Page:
In China the two principal schools of Zen, the Rinzai and the Soto, were founded, and from here Zen moved to Japan. In the twelfth century a Japanese Tendai Buddhist monk (Eisai, 1141-1215) went to China to study Zen and returned to found the Rinzai school. Myozen, a disciple of Eisai, initiated Dogen (1200-1253) into Zen, and Dogen became the founder of the Soto school. Today, Zen has a wide influence in Japan. The martial arts of judo, Karate and Kendo (fencing), together with Japanese gardens, architecture, poetry, painting and the tea ceremony all more or less reflect Zen influence. And Dr. Lit-sen Chang observes that Zen “was used by Japanese militarists as an incentive for their aggressive wars.” 
According to Zen, its “doctrine” and essence were transmitted mystically or psychically from disciple to disciple. Allegedly the Buddha himself transmitted esoteric truth to Mahakasyapa, apparently the only disciple capable of receiving the transmission at the time. As the story goes, the Buddha had picked up a flower after a lecture and held it up for his disciples to see. Only Mahakasyapa understood the meaning and responded with a smile. “Later the Buddha called this disciple to him in private and mystically transmitted to him the wordless doctrine, or ‘with Mind transmitted Mind.’ Mahakasyapa, in turn, mystically transmitted the Doctrine to Ananda, who thus became second in the line of twenty-eight Indian Patriarchs. The last of these was Bodhidharma, who is said to have travelled to China in the sixth century A.D.” Thus, ostensibly, “while all Buddhist sects present the truth in varying degrees, Zen alone preserves the very highest teachings of all—teachings based on a mysterious transmission of Mind which took place between Gautama Buddha and Mahakasyapa.” 
Again, all of this is unverifiable. Those who believe that Zen can be traced to the Buddha and his “highest” teaching do so on the basis of unsupported Zen claims, not documented history. Even comments by Zenists like John Blofeld are telling. In his translation of one of Hyang Po’s writings, Huan Po Ch’uan Hsin Fa Yao, he notes the similarity of the Zen experience to that of Plotinus, Meister Eckhart and other famous mystics, and then he illustrates that the story of the Buddha himself originating Zen is based in mysticism, not history:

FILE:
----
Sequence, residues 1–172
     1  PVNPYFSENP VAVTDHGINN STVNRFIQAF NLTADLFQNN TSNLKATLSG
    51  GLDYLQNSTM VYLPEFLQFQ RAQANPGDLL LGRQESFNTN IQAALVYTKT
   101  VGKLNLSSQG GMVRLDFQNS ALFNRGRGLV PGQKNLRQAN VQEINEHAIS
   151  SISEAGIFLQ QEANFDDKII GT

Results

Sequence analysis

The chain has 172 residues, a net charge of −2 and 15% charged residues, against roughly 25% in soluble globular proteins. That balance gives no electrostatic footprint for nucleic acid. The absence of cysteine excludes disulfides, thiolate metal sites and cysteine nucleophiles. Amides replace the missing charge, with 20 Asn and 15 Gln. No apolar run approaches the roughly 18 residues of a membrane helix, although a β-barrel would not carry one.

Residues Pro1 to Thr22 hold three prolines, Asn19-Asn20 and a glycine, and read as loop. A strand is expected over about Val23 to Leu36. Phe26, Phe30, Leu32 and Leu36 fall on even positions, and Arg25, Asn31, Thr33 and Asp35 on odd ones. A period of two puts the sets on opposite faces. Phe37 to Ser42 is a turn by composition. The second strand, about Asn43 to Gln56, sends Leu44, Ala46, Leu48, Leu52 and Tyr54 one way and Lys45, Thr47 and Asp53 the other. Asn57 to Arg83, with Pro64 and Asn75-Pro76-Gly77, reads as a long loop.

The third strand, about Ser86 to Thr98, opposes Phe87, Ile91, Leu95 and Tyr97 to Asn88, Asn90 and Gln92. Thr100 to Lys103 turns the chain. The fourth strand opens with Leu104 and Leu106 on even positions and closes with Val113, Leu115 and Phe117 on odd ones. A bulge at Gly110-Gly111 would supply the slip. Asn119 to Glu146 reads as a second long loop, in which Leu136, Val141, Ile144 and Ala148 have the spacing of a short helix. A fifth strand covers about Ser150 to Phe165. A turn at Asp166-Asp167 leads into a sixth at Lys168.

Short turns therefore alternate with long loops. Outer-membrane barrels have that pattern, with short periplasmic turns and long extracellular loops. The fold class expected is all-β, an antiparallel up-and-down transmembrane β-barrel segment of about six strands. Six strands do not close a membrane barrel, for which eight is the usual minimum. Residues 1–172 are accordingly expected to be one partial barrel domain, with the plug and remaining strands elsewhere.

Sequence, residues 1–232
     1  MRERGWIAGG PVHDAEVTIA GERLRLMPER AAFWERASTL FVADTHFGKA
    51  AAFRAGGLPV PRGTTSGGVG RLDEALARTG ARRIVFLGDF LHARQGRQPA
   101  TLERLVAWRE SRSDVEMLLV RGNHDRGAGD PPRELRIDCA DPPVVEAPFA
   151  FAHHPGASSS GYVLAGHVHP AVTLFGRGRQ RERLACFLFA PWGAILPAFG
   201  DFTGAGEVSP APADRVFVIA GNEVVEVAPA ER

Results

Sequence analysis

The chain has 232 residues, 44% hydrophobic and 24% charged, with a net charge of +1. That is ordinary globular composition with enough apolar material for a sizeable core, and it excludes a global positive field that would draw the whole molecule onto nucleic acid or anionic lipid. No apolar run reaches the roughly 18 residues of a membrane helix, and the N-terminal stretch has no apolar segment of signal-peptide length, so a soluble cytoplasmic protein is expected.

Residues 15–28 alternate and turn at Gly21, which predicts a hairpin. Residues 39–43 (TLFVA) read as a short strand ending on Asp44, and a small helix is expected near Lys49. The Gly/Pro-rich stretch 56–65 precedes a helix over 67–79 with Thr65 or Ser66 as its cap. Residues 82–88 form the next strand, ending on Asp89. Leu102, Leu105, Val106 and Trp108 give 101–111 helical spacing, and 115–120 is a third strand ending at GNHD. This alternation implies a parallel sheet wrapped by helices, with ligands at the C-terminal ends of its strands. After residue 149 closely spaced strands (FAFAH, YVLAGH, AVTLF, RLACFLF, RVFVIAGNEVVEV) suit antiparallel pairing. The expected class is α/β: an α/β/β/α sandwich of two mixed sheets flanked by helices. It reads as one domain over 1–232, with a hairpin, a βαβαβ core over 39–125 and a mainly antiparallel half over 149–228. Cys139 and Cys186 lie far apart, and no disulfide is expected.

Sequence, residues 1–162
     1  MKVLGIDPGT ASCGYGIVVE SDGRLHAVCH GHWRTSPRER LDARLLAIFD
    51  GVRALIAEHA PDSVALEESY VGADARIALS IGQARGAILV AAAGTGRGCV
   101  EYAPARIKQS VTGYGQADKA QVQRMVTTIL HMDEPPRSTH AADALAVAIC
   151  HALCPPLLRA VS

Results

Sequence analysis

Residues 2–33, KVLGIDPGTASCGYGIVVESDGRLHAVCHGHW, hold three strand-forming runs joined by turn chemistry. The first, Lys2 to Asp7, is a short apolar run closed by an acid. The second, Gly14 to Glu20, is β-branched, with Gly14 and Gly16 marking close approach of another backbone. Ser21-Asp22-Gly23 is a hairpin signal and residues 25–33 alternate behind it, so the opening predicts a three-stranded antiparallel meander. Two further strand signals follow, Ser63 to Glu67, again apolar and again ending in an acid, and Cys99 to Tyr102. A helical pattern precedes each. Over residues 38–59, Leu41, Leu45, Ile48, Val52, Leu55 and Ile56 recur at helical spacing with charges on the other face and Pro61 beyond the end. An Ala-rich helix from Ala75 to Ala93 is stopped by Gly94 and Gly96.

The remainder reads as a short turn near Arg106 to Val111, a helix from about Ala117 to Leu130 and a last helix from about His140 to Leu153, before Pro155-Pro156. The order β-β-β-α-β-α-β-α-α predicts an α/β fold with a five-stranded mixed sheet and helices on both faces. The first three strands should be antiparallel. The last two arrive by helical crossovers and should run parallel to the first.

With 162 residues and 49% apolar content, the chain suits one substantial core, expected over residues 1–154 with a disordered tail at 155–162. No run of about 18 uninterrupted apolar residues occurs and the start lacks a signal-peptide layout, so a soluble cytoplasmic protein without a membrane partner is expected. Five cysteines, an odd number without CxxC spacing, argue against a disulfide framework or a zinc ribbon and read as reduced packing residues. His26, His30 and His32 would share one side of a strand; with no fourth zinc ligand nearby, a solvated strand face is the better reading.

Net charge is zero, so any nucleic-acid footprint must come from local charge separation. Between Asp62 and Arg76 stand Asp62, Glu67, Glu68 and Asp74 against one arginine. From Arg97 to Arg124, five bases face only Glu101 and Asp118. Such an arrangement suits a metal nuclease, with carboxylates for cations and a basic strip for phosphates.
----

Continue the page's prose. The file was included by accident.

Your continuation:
Opinions as to the truth of this story naturally vary, but Masters like Huang Po obviously speak from some deep inner experience. He and his followers were concerned solely with a direct perception of truth and cannot have been even faintly interested in arguments about the historical orthodoxy of their beliefs…. So however slender the evidence for Zen’s claim to have been founded by Gautama Buddha himself, I do not for one moment doubt that Huang Po was expressing in his own way the same experience of Eternal Truth which Gautama Buddha and others, Buddhist and non-Buddhist, have expressed in theirs. 
Other Zenists have extended the origin of Zen back far beyond Sakyamuni (the historical Buddha) to earlier “Buddhas,” and even far beyond that into eternity past. Zen thus becomes the Eternal Truth that has always existed, and always will. Shunryu Suzuki, a Soto Zen Master, asserts: “There is no Nirvana outside our practice…. This practice started from beginningless time, and it will continue into an endless future. Strictly speaking, for a human being there is no other practice than this practice. There is no other way of life than this way of life.” 
The claims of Zen as to its origin and superiority have not necessarily endeared Zen to other Buddhists, who make similar claims for their own teachings. Zenists accept virtually all Buddhism as representing the genuine teachings of the Buddha, but they distinguish between his “introductory” and “advanced” teachings. From their perspective, they relegate Theravadin teaching, also known as Hinayana, to Buddha’s introductory teachings, which were intended for “weaker” souls not up to the rigors of Zen. Roshi Kennett says that “the teachings of Hinayana were for the beginner and the Mahayana ones were for those who had made greater progress.”